Meals on Kilimanjaro
What you eat on a Kilimanjaro climb is vitally important. That's why we prepare nutritious, hearty and varied meals on our Kili climbs. We also provide snacks, hot drinks and drinking water. Read on for full details, as well as advice on snacks and more.
The meals you eat on Kilimanjaro can make or break your climb. Seriously.
The importance of food and water at high altitude
High altitude can increase your metabolism while suppressing your appetite. You might therefore need to eat more than you feel inclined to achieve a good energy balance.
What are the meals like on a Kilimanjaro climb?
Your mountain crew includes a cook and cook's assistant.
porridge (oats or millet) a cooked meal (like eggs, sausages and pancakes) toast cereal yoghurt and milk fresh fruit
a boiled egg cooked chicken a couple of samosas a slice of cheese a wedge of banana loaf an apple a banana a small yoghurt a juicebox
Fresh meat, fruit and veggies ... but how?
Runners bring us fresh produce half way through the trek.
Do you cater for different dietary requirements?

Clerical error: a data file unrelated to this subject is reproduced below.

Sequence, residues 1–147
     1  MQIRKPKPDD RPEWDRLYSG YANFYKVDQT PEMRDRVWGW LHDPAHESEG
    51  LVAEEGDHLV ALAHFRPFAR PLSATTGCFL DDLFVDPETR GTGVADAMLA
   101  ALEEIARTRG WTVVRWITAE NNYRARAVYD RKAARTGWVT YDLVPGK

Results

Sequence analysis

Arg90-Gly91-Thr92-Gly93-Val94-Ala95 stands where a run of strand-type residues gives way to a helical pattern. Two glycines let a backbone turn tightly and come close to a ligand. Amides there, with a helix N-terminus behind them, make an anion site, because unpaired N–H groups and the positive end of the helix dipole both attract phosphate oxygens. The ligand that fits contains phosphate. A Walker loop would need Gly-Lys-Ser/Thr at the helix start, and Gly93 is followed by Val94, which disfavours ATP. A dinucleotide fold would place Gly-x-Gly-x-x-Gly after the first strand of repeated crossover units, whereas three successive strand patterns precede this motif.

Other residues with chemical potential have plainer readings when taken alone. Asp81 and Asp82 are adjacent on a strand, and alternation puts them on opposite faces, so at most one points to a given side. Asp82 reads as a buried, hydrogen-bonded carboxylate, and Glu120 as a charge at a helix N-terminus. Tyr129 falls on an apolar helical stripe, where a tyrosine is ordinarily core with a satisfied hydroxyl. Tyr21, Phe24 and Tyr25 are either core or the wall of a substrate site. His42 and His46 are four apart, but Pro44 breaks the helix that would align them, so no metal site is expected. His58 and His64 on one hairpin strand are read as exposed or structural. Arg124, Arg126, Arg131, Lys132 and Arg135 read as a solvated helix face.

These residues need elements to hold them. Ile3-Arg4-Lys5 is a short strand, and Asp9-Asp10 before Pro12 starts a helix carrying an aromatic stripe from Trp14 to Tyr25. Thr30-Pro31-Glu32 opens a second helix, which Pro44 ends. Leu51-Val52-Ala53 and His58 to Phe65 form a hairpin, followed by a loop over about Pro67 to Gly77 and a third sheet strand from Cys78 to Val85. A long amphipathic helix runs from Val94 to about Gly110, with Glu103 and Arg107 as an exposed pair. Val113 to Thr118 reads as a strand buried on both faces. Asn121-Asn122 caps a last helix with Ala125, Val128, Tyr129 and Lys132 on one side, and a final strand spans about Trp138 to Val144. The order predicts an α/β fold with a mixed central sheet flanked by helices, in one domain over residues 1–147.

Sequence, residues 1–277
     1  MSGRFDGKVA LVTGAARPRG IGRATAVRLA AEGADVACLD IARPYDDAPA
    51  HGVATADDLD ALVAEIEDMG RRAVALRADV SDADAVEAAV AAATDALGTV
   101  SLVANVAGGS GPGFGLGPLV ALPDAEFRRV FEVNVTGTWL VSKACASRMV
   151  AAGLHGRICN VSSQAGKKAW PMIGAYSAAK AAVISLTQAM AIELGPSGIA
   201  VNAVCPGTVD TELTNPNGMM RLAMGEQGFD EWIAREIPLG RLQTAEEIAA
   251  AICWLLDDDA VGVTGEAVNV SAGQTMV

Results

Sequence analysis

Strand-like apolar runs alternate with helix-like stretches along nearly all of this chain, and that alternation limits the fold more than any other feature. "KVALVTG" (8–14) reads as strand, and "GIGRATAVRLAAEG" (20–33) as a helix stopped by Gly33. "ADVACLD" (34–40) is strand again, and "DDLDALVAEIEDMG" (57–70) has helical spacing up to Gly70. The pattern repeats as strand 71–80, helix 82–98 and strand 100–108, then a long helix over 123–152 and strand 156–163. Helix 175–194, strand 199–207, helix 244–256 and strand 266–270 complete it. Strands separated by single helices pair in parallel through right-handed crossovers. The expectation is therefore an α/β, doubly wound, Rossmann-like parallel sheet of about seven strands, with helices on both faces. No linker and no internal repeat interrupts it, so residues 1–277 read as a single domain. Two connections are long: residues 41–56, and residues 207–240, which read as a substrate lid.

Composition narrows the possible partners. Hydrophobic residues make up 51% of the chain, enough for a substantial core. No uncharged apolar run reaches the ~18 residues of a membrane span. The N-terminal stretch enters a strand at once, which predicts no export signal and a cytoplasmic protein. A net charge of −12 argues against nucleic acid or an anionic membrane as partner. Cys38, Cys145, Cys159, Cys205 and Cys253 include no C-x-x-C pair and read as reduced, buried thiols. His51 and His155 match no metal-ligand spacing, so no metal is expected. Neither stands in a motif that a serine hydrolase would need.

vegan vegetarian kosher halal gluten-free dairy-free
What snacks should I bring for Kilimanjaro?
The benefits of snacks are twofold: they provide extra energy as well as a mental boost.
Salt kicks like trail mix, sev and nuts, mini pretzels or salted nuts Chocolate (candy) bars like Mars, Snickers and Bar One Sugary sweets like mints, energy sweets, hard sweets, gummy bears or wine gums Dried fruits like raisins and dried mango Jerky (biltong) and pepperoni sticks Snack bars like protein, granola or energy bars Hardy biscuits (cookies)
Electrolyte sachets like Gatorade, Nuun or Rehidrat Flavour infusion sachets to add to your water Favourite tea like herbal teabags
Snacks to avoid
caffeinated snacks – high altitude can make sleep difficult, so you don't want to consume too much caffeine alcohol – this is banned inside of Kilimanjaro National Park heavy foods – like fruit (provided for you at meals) and canned goods leaky goods – you don't want anything that could make a mess in your daypack perishable foods – unless you're eating it the first day, don't bring anything that can spoil
Don't bring snacks you think are 'good' for you – the meals will supply your nutritional needs. Bring snacks that make you happy.
Snacks for sharing
Having some extra snacks that you can share with others adds to the camaraderie of the adventure.
Food for the mountain crew
a water bladder or hydration pack (ideally built into your daypack and with a nifty drinking hose) a water bottle (choose one that can carry a litre and definitely does not leak!)
Note that plastic water bottles are banned in Kilimanjaro National Park. You must pack reusable water bottles.